Users turn to Google for helpful consumer research and general information about virtually any subject. All they want is to find relevant webpages with valuable content, but Google’s sponsored advertisements— the ones that businesses pay Google to display in high-profile positions— are making it harder to do so. In this edition of “Prospect Genius Reviews…,” we’ll discuss the increasingly pervasive nature of Google’s sponsored ads and its implications.
Lately, Google’s search results pages are getting more and more crowded by sponsored advertisements (seen at the top and to the right of the search results). You may not think anything of their presence— probably because we’ve all grown accustomed to being bombarded by advertisements everywhere we go on the web— but they actually signify a disconcerting shift in Google’s practices.
What is that shift? Essentially, Google is gradually moving away from their “relevant content is king” mantra and adopting a pay-to-play model. While most of the space on Google’s search engine results pages (SERPs) used to be reserved for the top organic results, a large portion of that space is now taken up by paid advertisements.
Mike Blumenthal, one of the local search industry’s chief experts, wrote an illuminating article about one of the latest batches of Google’s search results testing. In it, he discusses the disproportionate ratio of sponsored results to organic and local results, and he drew this conclusion: “I guess that Google has finally given up on any form of local listing or organic page relevance and has decided that relevance is a function of payment.”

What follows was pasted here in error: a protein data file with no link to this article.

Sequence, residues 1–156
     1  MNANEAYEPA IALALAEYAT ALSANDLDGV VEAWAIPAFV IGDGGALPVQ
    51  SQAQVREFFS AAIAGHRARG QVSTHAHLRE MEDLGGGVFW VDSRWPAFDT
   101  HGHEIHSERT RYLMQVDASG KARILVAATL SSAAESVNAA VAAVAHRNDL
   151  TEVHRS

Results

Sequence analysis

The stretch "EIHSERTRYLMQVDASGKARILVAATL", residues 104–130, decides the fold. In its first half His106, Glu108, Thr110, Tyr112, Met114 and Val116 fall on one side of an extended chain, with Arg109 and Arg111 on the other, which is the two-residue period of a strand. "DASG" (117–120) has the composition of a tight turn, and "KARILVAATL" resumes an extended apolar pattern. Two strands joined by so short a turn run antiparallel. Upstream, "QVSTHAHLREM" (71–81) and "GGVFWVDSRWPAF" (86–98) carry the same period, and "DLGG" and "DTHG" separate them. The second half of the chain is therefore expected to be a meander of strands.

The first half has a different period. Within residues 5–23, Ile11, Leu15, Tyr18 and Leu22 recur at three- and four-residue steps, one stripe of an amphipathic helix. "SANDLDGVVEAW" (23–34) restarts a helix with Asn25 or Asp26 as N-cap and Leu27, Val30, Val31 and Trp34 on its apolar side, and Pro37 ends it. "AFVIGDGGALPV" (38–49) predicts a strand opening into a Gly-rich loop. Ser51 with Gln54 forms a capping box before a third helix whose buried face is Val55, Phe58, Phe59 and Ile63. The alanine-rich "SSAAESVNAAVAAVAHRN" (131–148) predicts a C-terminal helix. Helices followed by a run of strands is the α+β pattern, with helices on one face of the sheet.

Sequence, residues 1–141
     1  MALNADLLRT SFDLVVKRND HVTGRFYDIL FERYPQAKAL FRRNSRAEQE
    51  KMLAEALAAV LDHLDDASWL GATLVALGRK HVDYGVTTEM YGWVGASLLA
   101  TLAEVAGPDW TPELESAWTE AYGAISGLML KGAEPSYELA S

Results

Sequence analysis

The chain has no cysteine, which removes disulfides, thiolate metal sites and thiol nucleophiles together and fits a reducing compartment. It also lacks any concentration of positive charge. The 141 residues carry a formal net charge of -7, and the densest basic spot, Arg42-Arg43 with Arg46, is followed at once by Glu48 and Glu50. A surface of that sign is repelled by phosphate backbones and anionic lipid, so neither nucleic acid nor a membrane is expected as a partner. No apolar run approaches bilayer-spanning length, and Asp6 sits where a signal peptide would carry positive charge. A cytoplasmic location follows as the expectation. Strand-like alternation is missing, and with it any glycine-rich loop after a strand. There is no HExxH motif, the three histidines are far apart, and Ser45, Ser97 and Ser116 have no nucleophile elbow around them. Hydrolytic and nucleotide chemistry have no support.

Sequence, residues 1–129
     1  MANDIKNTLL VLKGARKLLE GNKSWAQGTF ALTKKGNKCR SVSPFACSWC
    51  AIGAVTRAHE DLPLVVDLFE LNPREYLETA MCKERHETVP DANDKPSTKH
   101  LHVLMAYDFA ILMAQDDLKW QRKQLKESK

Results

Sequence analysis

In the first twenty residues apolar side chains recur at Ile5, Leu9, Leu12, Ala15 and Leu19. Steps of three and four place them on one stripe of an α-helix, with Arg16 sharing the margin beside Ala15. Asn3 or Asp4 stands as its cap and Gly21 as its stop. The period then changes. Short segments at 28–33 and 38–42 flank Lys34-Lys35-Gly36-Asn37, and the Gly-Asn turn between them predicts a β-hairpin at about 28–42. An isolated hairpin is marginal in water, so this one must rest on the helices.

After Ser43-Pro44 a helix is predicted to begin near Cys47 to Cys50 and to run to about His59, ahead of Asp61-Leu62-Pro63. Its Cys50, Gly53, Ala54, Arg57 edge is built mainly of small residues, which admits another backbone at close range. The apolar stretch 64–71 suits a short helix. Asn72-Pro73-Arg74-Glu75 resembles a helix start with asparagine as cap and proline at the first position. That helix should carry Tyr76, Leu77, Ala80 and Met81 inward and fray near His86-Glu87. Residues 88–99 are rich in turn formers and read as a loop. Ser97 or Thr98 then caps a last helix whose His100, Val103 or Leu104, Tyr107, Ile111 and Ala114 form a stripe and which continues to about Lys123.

In other words, content is no longer king— money is. People looking for relevant, valuable information about a topic will become less and less likely to find the webpages they actually need because a large portion of the results will be sponsored.
Prospect Genius reviews this preferential treatment of sponsored results very negatively, but that doesn’t mean we’re surprised by it. We’ve known for years that Google would continue pushing out the organic sections of the SERPs in favor of paid sections because there’s a significant profit motive to do so. As long as Google is getting paid, it doesn’t worry too much about the quality of the results it’s providing. In fact, a couple of years ago, Google even tried to sell tags and highlights for Maps listings as an attempt to monetize the Maps sections. Although that particular plan didn’t last long, Google hasn’t been deterred. Now, as it merges the mobile and desktop versions of the SERPs, we’re seeing big, chunky objects taking up screen real estate that could otherwise be occupied by organic results; at the same time, it’s expanding the paid sections to look more like the traditional Maps listings. As paid ads crowd out real, organic results on Google’s results pages, we predict that the average user is going to feel more and more alienated.
As distasteful as we find Google’s practices, we hope it continues to alienate the general public so that its market share diminishes, thus making room for Bing and other search engines to compete. The only reason Google has been able to get away with these kinds of activities in the first place is because it has a monopoly over the search engine industry, so if it’s finally knocked down a few pegs by its own hubris, the search engine landscape will be all the better for it.
Next time on “Prospect Genius Reviews…,” we’ll take a look at Angie’s List and discuss how beneficial it actually is for small, local businesses.